ISIS Has Claimed Responsibility For The Attacks, & Authorities Have Identified Five Primary Suspects

The terror group ISIS quickly claimed responsibility for the Brussels attacks on Thursday, confirming suspicions reported by Belgian authorities within hours of the explosions at Maelbeek metro station and Zaventem airport. By Thursday morning, authorities believed that a total of five men carried out the Brussels attacks, CNN reported:

  • Khalid El Bakraoui and an unidentified person who carried out the attack at the metro station
  • Ibrahim El Bakraoui (Khalid's brother), Najim Laachraoui, and a third unidentified man who took part in the attack at the airport.

A manhunt is underway for the two unidentified men, CNN reported.

Alarming Connections Have Emerged Between The Attacks in Paris & Brussels

In addition to the connection between the bomb materials used in Paris and Brussels, authorities are scrambling to unravel other possible links between the Brussels and Paris attacks. CNN reported that Khalid and Ibrahim El Bakraoui reportedly paid for the apartment Abdeslam hid in while on the run from authorities. Belgian officials told CNN that Abdeslam may have been planning new attacks in Europe before he was captured by police last week. The Brussels suicide bombers may have feared that authorities were closing in on them and therefore sped up their plans to attack, according to that report.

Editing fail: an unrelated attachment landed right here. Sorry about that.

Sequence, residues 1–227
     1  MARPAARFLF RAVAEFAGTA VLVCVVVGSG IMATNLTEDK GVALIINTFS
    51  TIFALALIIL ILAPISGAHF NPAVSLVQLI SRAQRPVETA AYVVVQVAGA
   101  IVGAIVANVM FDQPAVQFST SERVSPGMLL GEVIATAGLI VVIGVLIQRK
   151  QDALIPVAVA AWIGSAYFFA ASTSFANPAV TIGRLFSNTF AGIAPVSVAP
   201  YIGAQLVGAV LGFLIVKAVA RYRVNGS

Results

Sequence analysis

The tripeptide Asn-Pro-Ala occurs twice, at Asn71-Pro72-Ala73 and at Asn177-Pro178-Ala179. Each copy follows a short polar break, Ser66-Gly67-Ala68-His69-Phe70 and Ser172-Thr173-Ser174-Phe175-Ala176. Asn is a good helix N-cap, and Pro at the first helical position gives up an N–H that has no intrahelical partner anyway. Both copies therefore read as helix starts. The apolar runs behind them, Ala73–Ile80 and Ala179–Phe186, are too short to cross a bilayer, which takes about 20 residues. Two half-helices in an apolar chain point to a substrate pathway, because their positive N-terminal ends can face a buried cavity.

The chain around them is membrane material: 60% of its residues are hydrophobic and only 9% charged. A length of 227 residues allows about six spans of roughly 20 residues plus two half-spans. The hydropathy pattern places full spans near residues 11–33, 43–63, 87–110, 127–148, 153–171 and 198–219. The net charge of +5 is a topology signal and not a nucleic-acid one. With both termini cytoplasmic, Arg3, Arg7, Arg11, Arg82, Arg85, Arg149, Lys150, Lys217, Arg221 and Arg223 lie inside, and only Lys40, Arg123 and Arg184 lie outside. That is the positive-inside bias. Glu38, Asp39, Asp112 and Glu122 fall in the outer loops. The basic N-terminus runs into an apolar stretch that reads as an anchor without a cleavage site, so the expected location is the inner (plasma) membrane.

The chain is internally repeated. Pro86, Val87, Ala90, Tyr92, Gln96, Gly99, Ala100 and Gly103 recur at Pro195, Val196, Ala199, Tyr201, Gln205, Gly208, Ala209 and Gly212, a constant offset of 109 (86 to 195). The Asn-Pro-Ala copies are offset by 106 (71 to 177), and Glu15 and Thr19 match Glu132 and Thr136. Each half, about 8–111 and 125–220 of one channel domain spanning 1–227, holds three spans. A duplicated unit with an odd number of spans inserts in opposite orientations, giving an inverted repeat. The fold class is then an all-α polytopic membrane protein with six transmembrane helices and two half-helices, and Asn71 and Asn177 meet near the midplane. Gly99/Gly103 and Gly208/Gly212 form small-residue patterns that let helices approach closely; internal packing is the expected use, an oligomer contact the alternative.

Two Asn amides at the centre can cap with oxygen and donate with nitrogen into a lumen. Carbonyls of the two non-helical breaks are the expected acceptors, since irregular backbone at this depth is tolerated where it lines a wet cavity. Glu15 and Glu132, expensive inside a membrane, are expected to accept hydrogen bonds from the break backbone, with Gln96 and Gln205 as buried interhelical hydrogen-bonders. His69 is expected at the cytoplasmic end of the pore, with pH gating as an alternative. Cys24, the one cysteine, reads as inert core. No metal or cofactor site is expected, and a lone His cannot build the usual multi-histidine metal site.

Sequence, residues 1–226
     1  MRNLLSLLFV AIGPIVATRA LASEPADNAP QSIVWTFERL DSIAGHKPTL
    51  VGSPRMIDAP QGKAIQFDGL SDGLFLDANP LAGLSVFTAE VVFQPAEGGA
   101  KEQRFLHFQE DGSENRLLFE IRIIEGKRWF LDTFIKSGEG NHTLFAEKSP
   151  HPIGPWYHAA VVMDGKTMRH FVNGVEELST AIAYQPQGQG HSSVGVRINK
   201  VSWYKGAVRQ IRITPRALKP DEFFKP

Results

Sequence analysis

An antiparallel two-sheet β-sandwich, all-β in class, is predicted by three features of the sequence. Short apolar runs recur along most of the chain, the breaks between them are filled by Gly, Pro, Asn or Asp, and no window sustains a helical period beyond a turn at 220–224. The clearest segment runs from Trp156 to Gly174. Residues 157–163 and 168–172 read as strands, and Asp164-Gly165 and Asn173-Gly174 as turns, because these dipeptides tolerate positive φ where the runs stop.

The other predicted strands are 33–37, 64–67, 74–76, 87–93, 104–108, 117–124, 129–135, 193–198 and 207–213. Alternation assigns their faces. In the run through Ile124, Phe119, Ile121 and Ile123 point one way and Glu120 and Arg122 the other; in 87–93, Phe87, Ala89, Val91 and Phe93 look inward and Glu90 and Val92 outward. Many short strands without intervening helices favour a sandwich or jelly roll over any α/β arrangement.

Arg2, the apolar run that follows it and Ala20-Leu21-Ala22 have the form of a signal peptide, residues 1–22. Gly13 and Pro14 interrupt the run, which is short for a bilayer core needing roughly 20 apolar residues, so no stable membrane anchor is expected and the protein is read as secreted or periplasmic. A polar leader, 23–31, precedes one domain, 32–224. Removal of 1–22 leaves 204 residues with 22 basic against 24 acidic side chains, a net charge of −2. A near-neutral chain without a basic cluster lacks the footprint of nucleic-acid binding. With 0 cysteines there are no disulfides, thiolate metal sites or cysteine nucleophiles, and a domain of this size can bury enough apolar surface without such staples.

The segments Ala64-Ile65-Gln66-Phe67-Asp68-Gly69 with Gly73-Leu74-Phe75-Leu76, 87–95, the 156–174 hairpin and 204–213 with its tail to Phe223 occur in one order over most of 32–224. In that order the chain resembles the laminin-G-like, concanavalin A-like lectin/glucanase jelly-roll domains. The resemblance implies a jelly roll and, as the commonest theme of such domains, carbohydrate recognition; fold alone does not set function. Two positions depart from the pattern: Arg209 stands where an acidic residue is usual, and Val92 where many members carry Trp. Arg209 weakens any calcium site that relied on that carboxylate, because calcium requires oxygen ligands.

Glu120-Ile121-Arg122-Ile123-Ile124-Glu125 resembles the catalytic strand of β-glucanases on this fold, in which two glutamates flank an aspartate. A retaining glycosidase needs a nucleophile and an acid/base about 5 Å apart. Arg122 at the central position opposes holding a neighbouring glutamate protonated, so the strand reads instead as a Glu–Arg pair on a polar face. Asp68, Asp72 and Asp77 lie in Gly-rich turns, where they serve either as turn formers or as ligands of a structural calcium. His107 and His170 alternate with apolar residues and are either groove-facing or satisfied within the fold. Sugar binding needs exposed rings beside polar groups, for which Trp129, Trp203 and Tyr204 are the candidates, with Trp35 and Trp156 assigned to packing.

The updates released so far paint a grim picture of a massive and intricate network of terrorist activity, authorities told CNN. For that reason, time is of the essence in the investigation, according to CNN intelligence and security analyst Bob Baer. “They're finding so many bombs in the more apartments that they take down,” he said. “I think they're shocked by the amount of armament and the number of followers and how big the network was connected to Paris and now Brussels.”

As the nation enters its second day of mourning, the international community continues to rally around Belgium — and the possibility of future violence adds urgency to the anti-terror investigation.